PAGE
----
that
1. A and A
e have the same eigenvalues.

2. tr A = tr A.
e

3. If x is an eigenvector of A corresponding to an eigenvalue, then T−1 x is an eigenvector


of Ae corresponding to the same eigenvalue.

Solution.
1. The eigenvalues of A are roots of |xI − A| = 0. The eigenvalue of A
e are roots of
−1 −1 −1 −1
0 = |xI − T AT| = |T xIT − T AT| = |T ||xI − A||T| = |xI − A|, so the
eigenvalues are the same.
2. tr AB = tr BA, so tr T−1 AT = tr ATT−1 = tr A.
3. If Ax = λx then T−1 AT(T−1 x) = T−1 (λx) = λT−1 x.

Question 3(c) A 3 × 3 matrix has the eigenvalues 6, 2, -1. The corresponding eigenvectors
are (2, 3, −2), (9, 5, 4), (4, 4, −1). Find the matrix.
 
2 9 4
Solution. Let P =  3 5 4 , and let A be the required matrix. Then AP =
  −2 4 −1 
6 0 0 6 0 0
P 0 2 0 , therefore A = P 0 2 0  P−1 . A simple calculation gives P−1 =
 0 0 −1  0 0 −1     
−21 25 16 2 9 4 6 0 0 12 18 −4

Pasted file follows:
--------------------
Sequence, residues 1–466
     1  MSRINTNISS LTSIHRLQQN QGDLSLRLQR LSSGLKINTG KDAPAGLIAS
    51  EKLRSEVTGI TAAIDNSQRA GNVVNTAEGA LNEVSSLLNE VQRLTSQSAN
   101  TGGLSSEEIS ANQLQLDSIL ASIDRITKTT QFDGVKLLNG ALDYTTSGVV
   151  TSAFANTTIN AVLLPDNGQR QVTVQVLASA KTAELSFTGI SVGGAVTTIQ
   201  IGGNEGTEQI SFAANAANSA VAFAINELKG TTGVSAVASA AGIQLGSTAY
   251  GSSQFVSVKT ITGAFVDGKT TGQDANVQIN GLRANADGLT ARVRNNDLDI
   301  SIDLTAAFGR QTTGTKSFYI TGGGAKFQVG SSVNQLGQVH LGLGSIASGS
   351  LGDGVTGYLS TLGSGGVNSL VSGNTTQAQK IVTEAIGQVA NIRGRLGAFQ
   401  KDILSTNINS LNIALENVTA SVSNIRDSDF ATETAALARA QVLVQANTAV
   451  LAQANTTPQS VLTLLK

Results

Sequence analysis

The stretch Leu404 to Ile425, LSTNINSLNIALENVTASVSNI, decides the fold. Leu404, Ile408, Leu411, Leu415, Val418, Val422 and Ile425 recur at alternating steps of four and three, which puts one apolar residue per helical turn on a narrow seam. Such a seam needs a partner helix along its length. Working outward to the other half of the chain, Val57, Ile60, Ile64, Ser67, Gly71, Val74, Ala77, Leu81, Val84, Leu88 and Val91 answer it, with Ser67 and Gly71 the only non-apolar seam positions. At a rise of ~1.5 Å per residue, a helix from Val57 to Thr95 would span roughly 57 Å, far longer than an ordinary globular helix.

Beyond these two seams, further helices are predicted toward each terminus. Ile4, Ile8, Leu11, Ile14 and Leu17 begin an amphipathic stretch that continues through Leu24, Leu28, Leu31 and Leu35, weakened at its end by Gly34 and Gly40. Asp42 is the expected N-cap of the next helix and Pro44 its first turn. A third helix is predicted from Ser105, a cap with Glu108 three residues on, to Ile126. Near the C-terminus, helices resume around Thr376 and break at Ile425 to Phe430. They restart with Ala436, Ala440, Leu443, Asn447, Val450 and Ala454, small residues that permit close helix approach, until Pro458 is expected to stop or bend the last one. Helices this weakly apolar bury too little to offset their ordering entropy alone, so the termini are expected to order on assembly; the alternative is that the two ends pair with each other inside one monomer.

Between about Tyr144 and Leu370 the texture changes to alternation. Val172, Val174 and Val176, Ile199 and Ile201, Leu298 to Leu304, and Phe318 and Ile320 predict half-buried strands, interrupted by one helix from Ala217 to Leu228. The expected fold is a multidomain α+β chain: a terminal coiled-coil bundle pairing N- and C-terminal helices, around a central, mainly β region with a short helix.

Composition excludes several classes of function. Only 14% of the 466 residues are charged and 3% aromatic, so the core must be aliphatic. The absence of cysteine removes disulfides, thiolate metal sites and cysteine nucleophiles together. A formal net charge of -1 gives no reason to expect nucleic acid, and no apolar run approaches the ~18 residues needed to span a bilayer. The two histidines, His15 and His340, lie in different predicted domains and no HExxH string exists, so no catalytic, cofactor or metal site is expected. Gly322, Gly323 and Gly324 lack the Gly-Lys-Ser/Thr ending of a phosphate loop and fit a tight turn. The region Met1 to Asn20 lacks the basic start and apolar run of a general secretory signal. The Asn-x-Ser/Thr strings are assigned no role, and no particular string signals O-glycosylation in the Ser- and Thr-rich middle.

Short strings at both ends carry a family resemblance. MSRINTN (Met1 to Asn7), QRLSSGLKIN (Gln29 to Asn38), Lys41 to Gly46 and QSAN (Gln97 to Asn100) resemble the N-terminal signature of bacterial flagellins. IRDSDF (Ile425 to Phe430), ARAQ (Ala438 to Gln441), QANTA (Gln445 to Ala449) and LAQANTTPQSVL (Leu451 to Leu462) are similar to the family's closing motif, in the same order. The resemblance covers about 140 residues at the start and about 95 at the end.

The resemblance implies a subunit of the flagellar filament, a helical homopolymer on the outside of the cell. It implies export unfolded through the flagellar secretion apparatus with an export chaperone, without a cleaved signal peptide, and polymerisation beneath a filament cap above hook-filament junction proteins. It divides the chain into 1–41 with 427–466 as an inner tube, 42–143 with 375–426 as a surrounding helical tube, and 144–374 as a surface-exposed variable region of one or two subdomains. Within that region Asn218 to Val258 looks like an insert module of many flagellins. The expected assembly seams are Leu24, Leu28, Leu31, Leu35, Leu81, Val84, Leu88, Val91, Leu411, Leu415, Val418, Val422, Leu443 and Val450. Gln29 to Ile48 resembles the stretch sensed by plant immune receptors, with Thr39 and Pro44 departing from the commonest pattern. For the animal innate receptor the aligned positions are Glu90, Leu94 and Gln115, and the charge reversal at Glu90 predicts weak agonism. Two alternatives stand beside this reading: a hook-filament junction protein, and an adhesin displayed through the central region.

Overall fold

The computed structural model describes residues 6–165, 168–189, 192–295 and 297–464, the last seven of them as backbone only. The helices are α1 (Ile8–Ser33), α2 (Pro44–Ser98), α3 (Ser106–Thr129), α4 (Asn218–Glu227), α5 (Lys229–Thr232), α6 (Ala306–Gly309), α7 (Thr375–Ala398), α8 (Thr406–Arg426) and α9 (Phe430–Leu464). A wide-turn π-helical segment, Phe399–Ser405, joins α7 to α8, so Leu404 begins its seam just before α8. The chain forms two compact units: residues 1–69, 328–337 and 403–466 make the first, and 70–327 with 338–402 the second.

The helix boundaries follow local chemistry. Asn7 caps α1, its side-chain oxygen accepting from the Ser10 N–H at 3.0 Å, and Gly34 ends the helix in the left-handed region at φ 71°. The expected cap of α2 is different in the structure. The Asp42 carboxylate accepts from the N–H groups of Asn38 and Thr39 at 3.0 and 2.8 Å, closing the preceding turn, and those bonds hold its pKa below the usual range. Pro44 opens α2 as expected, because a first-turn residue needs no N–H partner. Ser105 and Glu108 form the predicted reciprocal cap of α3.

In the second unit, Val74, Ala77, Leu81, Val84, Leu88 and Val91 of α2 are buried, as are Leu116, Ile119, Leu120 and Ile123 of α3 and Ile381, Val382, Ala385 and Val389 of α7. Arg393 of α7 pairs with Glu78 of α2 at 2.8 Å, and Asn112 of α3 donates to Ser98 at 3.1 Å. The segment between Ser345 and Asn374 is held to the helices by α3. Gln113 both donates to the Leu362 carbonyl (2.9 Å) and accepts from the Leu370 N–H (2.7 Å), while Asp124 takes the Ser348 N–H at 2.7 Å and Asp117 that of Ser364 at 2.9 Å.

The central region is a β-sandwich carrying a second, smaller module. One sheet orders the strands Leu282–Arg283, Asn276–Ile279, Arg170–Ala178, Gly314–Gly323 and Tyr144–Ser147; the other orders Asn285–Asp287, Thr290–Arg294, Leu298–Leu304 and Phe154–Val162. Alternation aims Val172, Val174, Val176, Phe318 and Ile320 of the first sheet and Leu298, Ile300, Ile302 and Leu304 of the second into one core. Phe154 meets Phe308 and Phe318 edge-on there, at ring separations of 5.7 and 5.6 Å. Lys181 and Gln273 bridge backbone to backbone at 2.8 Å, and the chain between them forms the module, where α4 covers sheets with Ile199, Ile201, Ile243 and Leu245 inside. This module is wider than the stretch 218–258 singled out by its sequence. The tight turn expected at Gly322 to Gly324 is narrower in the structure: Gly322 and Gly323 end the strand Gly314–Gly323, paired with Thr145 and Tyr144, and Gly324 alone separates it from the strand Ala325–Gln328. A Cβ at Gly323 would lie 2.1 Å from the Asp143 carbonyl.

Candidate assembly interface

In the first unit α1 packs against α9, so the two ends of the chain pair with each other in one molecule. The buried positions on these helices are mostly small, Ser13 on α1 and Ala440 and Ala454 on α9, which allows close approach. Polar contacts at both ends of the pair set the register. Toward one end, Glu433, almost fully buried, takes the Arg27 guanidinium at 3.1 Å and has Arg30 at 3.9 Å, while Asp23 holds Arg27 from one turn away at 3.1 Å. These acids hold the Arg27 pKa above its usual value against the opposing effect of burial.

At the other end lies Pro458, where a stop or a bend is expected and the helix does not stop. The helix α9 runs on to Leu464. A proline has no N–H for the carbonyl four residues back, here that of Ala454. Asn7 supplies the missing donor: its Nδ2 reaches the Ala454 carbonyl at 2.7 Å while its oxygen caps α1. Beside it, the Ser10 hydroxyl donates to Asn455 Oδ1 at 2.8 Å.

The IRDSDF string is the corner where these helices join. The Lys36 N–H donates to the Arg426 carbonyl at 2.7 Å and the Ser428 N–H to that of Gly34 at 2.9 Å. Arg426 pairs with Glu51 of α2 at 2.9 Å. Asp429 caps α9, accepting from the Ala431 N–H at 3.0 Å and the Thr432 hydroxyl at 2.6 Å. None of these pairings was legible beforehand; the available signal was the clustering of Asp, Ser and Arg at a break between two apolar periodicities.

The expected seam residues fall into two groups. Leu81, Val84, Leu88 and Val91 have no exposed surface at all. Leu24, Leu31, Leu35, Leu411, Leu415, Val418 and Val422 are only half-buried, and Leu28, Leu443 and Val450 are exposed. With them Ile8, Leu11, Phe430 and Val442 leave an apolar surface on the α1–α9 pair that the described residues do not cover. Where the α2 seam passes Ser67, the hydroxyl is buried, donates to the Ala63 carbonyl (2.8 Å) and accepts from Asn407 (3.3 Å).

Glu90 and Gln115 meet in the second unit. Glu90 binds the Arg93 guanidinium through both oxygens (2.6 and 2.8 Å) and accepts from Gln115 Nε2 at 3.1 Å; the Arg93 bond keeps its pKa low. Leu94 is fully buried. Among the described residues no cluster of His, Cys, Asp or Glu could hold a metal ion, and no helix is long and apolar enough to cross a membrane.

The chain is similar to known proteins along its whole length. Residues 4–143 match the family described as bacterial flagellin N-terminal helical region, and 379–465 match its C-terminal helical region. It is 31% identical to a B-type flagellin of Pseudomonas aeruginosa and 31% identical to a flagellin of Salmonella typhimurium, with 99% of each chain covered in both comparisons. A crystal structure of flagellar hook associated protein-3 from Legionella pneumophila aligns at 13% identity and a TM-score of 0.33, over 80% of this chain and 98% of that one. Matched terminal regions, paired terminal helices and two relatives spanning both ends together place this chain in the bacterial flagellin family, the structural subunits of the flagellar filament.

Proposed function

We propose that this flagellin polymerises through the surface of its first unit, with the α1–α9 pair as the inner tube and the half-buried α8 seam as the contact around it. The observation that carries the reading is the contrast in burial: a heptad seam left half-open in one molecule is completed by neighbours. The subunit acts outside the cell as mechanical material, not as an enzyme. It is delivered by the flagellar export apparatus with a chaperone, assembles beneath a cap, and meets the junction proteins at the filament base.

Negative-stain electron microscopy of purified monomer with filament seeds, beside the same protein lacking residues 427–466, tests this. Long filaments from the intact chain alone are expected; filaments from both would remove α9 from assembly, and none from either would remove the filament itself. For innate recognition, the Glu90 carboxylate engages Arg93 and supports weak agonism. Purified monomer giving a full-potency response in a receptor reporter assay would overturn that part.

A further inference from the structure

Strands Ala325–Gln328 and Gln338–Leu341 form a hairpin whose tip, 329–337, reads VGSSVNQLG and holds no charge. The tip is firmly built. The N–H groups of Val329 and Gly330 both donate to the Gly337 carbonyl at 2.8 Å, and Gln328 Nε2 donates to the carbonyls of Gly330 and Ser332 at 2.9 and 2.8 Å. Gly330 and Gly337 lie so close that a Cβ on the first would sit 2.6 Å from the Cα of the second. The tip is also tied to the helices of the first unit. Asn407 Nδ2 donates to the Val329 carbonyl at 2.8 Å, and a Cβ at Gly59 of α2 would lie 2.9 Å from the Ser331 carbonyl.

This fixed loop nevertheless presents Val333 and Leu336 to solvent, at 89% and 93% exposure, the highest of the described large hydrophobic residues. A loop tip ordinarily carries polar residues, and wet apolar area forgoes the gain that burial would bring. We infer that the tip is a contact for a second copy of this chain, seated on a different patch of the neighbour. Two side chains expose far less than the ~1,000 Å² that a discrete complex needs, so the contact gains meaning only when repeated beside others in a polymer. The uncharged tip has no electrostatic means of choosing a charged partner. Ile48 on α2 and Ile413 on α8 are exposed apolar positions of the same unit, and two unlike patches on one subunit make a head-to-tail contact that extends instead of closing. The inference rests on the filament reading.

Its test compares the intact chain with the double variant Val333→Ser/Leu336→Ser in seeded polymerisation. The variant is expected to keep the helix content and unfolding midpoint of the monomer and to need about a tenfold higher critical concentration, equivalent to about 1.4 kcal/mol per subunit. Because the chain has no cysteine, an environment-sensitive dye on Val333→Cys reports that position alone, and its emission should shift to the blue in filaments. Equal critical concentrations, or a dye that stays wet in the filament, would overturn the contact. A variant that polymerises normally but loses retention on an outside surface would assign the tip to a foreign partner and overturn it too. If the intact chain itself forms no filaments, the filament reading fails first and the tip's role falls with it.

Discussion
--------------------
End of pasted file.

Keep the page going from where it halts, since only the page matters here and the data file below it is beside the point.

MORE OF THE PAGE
 −5 6 4 , note that |P| = 1. Now  3 5 4  0 2 0  =  18 10 −4.
22 −26  −17  −2 4 −1
 0 0 −1  −12 8 1
12 18 −4 −21 25 16 −430 512 352
Thus A =  18 10 −4   −5 6 4  =  516 620 396 
−12 8 1 22 −26 −17  234 226 −173 
x1 x2 x3 6 0 0
A longer way would be to set A =  y1 y2 y3 . Then AP = P 0 2 0 . This
z1 z2 z3 0 0 −1
yields three systems of linear equations which have to be solved.

3
Paper II

Question 4(a) Let V be the set of all functions from a non-empty set into a field K. For
any function f, g ∈ V and any scalar k ∈ K, let f + g and kf be functions in V defined by
(f + g)(x) = f (x) + g(x), (kf )(x) = kf (x) for every x ∈ X. Prove that V is a vector space
over K.

Solution. V = {f | f : X −→ K}.

1. f, g ∈ V ⇒ (f + g)(x) = f (x) + g(x) ⇒ f + g : X −→ K ⇒ f + g ∈ V.

2. The zero function namely 0(x) = 0∀x ∈ X is the additive identity of V i.e. f + 0 =
0 + f = f ∀f ∈ V.

3. f ∈ V ⇒ −f ∈ V where (−f )(x) = −f (x) anf f + (−f ) = 0 = (−f ) + f .

4. (f + g) + h = f + (g + h) for every f, g, h ∈ V.

5. If f ∈ V, k ∈ K, then (kf )(x) = kf (x)∀x ∈ X, so kf ∈ V and k(f + g) = kf + kg.

6. If k, k 0 ∈ K, f ∈ V, then k(k 0 f ) = (kk 0 )f .

7. If 1 ∈ K is the multiplicative identity, then 1f = f for every f .

8. k, k 0 ∈ K, f ∈ V ⇒ (k + k 0 )f (x) = kf (x) + k 0 f (x) ⇒ (k + k 0 )f = kf + k 0 f .

Thus V is a vector space over K.